Kyle Yu was 10 years old in 2003 when his family immigrated from China. He soon found that language wasn’t the only difference in Canadian classrooms.

“In Eastern schools, the teaching is very direct and linear, whereas here there are different pathways into getting the concept. … A teacher might ask you to build something or draw something,” he said.

Mr. Yu, now 17 and a straight-A student, said the difference can be distilled to each country’s concept of a student: In China, his job is to study, in Canada, his job is to learn.

Like Mr. Yu, Gianmarco Ferrari, 19, encountered a vastly different school system when he arrived in Canada from Venezuela. In his native country, homework was optional and students were rarely anxious about their grades. Not so in Canada. Mr. Ferrari and his sister Tixiana, who are both strong students, were in for a pedagogical culture shock.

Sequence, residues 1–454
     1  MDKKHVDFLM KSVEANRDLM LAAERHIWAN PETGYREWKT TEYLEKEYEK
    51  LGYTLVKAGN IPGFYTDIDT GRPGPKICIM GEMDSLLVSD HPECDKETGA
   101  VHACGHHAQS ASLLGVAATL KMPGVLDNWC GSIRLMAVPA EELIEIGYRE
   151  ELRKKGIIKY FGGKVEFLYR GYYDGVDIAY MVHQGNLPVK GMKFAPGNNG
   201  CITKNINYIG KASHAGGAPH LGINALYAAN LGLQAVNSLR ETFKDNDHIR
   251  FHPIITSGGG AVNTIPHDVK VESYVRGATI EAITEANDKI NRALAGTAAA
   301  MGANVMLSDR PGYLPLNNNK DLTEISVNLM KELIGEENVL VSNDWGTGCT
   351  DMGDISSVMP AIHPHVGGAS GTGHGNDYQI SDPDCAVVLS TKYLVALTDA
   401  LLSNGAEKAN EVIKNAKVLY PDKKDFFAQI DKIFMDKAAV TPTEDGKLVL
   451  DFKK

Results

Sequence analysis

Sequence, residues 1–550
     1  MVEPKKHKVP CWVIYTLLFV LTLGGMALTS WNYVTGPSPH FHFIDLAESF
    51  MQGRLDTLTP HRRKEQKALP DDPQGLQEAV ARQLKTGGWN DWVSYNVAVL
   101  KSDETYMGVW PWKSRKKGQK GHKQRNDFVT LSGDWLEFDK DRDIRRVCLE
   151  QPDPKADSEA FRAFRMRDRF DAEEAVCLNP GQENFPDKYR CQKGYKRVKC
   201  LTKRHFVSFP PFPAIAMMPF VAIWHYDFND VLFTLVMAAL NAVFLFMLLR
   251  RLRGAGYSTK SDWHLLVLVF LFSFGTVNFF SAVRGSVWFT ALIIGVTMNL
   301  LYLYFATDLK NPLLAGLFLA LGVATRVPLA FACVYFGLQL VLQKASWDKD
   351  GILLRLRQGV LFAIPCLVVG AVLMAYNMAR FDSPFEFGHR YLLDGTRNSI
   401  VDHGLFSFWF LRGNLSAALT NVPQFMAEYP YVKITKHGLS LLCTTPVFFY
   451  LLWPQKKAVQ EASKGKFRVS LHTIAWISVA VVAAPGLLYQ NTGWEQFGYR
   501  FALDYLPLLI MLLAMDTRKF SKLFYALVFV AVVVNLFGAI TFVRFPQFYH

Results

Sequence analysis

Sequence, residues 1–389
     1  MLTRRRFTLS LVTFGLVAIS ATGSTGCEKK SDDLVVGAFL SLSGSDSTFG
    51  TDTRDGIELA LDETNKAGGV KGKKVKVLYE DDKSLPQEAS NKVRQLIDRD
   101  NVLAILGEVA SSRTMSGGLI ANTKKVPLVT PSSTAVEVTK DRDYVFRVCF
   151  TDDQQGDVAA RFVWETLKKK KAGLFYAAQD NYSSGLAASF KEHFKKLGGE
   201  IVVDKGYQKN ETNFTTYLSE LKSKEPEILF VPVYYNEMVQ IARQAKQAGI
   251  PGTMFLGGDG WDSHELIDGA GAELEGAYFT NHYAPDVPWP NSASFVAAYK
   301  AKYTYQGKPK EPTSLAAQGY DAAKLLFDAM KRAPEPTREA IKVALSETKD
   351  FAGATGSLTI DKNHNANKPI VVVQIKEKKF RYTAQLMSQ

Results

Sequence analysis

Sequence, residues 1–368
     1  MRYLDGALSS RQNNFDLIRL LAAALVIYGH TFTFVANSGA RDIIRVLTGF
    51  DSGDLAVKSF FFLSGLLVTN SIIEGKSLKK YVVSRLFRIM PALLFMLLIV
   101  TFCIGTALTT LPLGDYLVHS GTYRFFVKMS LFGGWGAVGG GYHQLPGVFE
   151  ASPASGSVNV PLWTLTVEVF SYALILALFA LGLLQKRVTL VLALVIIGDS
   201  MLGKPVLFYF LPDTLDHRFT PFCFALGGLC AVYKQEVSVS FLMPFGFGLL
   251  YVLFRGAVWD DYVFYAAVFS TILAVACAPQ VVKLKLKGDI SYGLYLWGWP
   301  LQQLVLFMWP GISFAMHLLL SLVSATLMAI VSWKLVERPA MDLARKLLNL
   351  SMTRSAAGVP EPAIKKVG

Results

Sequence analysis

“Teacher expectations are high; they actually want you to work,” he said. “The students, everyone is so concerned about their marks so they make a huge effort to get good grades.”

More is at stake than international bragging rights, and Canada can’t afford to rest on its laurels. The country’s economic future relies on the strength of its education system.

Top performing countries such as Finland are especially good at identifying the needs of students and enabling more individualized learning.

Canada’s pretty good at this, but could be better.

“The fact that, on average Canada is doing very well at the integration of immigrant students doesn’t mean that you should be complacent about those who have special needs,” said Matthias Rumpf, the Washington-based spokesperson for the Organization for Economic Co-operation and Development, which tests and ranks the world’s education systems.